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BCTC Staff Work on Biology Experiment With Casey County Students

Students doing chemistry experiments

Students from Casey Country High Schools science club are getting an opportunity to perform a hands-on experiment from start to finish while working with Bluegrass Community and Technical College biotechnology and biology staff.

The experiment is answering questions about Wolbachia, a bacterial parasite that infects insects, that relate to how different strains develop. This bacteria is not transmittable to humans, but the study of this bacteria may be used to learn about the spread of diseases that can affect humans.

The project began with a training for the Casey County High School science teacher associated with the project, Rebecca Streeval, this summer by Larry Porter, BCTC biology instructional specialist, and Stephanie Stoelb, BCTC biotechnology instructional specialist.

In August, BCTC staff traveled to Casey County where they assisted the students with setting up the insect traps to collect the samples needed for their experiment. The science club traveled to BCTC in November to examine the samples and learn how to extract DNA from the insect samples they collected in the biology lab.

In the next phase of this experiment, BCTC staff will be traveling to Casey County in February with the equipment needed to analyze the DNA that was extracted from the insects, determining if the insect samples collected have Wolbachia and use the results to answer the questions posed in the experiment. The last phase will have the students take the findings and use bioinformatics to quantify the results.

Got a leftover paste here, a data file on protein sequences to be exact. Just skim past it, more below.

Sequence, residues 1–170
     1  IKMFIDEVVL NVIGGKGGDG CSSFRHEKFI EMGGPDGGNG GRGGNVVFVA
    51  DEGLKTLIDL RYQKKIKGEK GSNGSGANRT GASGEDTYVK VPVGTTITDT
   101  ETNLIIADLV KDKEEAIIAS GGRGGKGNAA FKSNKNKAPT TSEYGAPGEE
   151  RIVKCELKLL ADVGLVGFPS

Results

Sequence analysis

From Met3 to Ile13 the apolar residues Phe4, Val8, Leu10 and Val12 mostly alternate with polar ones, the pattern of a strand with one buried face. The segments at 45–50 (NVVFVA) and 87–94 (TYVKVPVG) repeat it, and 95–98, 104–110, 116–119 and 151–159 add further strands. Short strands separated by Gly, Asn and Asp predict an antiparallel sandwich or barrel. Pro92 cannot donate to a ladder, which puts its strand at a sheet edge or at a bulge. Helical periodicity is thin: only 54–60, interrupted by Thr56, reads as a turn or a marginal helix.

"The purpose of this project is to get students interested in STEM. A good way to do that is to get them involved in research," said Porter. The Casey County students get the project are energetic and excited about the work.

The Wolbachia research began with an independent project conducted in May 2015 by Kati Carter and Ron Hill, students in Biology 295 class, working with Porter. The results of this experiment were recently presented at the Kentucky Academy of Sciences. Results from the Casey County experiment will be added to these findings.

The project is being funded through a STEM PRIDE grant from the Kentucky Council on Postsecondary Education subawarded by the University of Kentucky. The purpose of the grant is to encourage high school students throughout the state to develop an interest in STEM. The grant has been used to purchase the expendable materials needed for the experiment, while the equipment needed to analyze the results is being provided by BCTC.